Muskrat spring

Muskrats got active in the local ponds as soon as the ice melted.  One afternoon I saw an adult out in the middle of the pond diving for submerged vegetation, which it brought up and ate on the surface.

I expected the muskrat to roll over on its back to eat, like the sea otters do with their clams.

I expected the muskrat to roll over on its back to eat, like the sea otters do with their clams.  They propel themselves forward with the tail and hind legs, while using the forelegs to manipulate their food.

Just as I was about to leave to try to get a better shot of the adult out in the middle of the pond, I noticed another muskrat about half the size of the adult swimming right up next to the shoreline.  This little one was completely unaware of me and swam back and forth in front of me for several minutes.

muskrat

To illustrate how close this guys was to me -- only 100 mm telephoto, and the animal fills the frame of the photo.

To illustrate how close this guy was to me — I used only 100 mm telephoto, and the animal more than filled the entire frame of the photo.

It looks as if they get completely wet, with the outer fur matted with water.  But muskrats actually have two layers of fur, and the inner layer maintains an insulating barrier next to the skin.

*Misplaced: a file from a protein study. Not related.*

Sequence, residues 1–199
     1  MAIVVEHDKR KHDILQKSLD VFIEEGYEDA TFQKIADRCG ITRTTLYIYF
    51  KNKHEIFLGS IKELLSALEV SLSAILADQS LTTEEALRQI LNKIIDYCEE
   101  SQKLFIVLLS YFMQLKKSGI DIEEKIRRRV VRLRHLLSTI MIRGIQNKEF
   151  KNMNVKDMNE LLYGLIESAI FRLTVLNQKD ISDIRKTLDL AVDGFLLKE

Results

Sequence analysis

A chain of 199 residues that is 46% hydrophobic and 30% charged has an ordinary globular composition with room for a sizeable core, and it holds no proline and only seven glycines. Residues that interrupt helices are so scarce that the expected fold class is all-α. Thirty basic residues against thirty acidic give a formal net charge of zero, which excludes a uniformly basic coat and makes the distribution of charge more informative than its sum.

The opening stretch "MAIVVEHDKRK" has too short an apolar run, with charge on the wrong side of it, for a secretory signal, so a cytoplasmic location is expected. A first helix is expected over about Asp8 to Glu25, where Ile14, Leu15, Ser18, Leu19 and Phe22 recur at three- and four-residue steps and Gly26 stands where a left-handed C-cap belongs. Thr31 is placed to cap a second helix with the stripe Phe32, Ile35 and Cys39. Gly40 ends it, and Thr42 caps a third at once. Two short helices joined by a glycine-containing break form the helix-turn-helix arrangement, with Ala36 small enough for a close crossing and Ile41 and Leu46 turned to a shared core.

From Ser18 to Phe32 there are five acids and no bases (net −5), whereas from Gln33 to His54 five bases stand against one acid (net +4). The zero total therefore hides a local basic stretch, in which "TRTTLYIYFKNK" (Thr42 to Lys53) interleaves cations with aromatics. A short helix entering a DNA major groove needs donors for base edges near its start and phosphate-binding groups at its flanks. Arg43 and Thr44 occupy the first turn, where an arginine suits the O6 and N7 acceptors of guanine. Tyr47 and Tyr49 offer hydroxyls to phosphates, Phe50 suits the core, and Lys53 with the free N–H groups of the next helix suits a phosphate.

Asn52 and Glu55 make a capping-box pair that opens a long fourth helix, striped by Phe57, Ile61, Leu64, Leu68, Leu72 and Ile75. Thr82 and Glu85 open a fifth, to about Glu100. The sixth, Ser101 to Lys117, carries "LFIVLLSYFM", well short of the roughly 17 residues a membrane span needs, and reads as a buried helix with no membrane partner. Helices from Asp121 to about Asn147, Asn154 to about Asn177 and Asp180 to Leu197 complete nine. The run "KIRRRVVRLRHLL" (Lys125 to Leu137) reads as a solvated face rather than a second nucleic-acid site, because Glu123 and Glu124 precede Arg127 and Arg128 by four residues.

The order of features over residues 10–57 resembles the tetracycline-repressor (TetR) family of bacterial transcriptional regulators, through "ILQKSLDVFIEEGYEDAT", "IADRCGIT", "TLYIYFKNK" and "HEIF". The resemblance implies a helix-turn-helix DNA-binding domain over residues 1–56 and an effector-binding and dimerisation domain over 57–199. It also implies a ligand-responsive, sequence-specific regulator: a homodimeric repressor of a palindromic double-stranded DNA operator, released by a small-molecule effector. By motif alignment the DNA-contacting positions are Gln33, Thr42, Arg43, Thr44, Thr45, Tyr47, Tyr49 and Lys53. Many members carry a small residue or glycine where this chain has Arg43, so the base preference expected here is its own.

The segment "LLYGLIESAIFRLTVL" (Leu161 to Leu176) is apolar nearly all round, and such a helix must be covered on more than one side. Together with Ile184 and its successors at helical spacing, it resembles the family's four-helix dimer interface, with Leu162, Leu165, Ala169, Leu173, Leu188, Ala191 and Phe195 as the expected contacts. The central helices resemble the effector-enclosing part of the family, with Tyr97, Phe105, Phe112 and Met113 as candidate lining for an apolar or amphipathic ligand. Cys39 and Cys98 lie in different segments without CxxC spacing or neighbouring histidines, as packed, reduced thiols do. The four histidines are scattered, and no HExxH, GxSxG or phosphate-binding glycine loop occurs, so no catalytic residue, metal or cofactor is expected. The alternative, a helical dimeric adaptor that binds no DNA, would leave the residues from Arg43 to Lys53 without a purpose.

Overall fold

This half-sized youngster was probably born in late summer or fall last year, and has probably been kicked out of its cozy muskrat home.  It will be on its own to find its food, because its mother is probably busy with another litter already.  Muskrats are prodigious reproducers with short gestation times and large litter sizes.  A single female might produce 30 young per year.

With that many young muskrats trying to find a place to live in the limited wetland beyond my backyard, I imagine the foxes, owls, and hawks find some good muskrat meals back there.

6 thoughts on “Muskrat spring

    • Like most rodents, they have rather large litters, several times a year, depending on their food supply. 30 offspring per year is probably a maximal number, with the average being more like 15-25.

  1. This post reminds me of a time a muskrat slowly walked between my boots at a small stream while I stood somewhat amazed as he pass on by. In some areas of the Tantramar marsh in New Brunswick it looks like a muskrat village with many of their spiffy pads adorning the marshlands.
    Great photos, nice to see one up real close again.

    • That is amazing. Are they really that oblivious to human presence? Or do they have really bad eyesight?! I know they have become terrible pests in Europe, with fewer predators to keep the high volume of babies in check.

  2. When i was a real young boy my older brother used to trap these poor things and sell the pelts to a local furrier for 50 cents each. The local river was full of muskrats back then but I rarely see them now.

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